Despite a commonality that crosses each of these five planes, most of the time it seems these planes are floating in space without intersecting. Arguably, the planes are not even parallel. We can nonetheless use these planes to build a structure for reforming employment-based immigration.
The intersection of the employers and workers (second and third) planes is surprisingly possible. A shift away from the arduous up-front process of labor certification and attestation to an internet-based recruitment system that uses sector-centered paths could alleviate much of the paperwork burdens and bureaucratic delays. Rather than emphasizing the frontend scrutiny of employers petitioning for foreign workers, the reform efforts would be better served by focusing on “quality of life” immigration enforcement on the backend. As I have written elsewhere, quality of life immigration enforcement would prioritize investigations of specific worksites for wage, hour, and safety violations, sweatshop conditions, and trafficking in persons. That it is rare for employers who hire unauthorized workers to face criminal or civil penalties suggests that the law may need to be tweaked, in addition to be more vigorously enforced, so that employers who violate immigration law are prosecuted. Quality of life enforcement also would encompass reliable employment verification systems so that honest employers are held harmless.
The national economic interest plane would include policy options of a point system based upon specific criteria or an independent commission that annually proposes criteria—either of which aims to meet the nation’s labor force needs. If the criteria emerging from either a point system or a commission placed a value on education, training and work experience in the United States, then the national interest plane would intersect with the fourth plane representing opportunities for international students and temporary foreign workers as well as the fifth plane that would regularize unauthorized workers who have been contributing to the economy. If the national interest plane included an annual auction of visas for employers seeking to fill jobs with foreign workers, then the plane would intersect the third plane representing employers seeking to hire foreign workers. Quality of life enforcement as a national interest would ensure intersection with the second plane. Wow! We have almost built the cube.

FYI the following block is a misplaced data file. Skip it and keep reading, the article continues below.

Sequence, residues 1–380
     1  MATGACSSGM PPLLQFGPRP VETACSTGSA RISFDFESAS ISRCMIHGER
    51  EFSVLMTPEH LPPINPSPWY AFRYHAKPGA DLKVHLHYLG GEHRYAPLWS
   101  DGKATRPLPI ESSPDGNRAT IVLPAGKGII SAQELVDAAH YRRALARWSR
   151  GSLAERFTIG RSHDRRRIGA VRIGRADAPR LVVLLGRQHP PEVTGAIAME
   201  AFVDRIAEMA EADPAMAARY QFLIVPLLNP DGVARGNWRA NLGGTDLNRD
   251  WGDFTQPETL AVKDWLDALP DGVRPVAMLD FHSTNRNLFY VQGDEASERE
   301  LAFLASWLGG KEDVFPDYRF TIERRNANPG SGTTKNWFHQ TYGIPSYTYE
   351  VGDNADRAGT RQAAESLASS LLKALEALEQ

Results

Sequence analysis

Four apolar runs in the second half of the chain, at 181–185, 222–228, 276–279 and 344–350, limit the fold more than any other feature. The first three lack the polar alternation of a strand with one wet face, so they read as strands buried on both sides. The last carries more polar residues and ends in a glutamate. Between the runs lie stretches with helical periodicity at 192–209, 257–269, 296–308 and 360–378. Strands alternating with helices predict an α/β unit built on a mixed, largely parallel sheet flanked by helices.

Lest this exercise in immigration geometry appear too easy, it is time to introduce the sixth plane—the one that would complete the cube. This policy plane is one of nondiscrimination and equity in immigrant admissions, a value that many believe remains significant. Since the Immigration Act of 1965 eliminated the national origins quota law, the United States has aspired to offer equitable access to immigrant admissions so that immigrants from no one nation or set of nations would dominate the flow. A quick look at the backlogs of approved employment-based petitions reveals that most of the employment-based immigrants currently come from a handful of countries. These countries are oversubscribed because demand for visas exceed the per-country ceilings and worldwide numerical limits.
Efforts to reform the nondiscrimination and equity plane around employment-based immigration would quickly intersect—or more aptly put—would collide with family-based immigration. In turn, this intersection would provoke debate about the projections of future flows and the optimal levels of total annual immigration. These issues expose dependence interests on the current system and have been some of the most difficult to navigate in past efforts at reform. However, success on these issues could create a more coherent and accessible immigration system for the country. More thinking about how best to do this is clearly needed.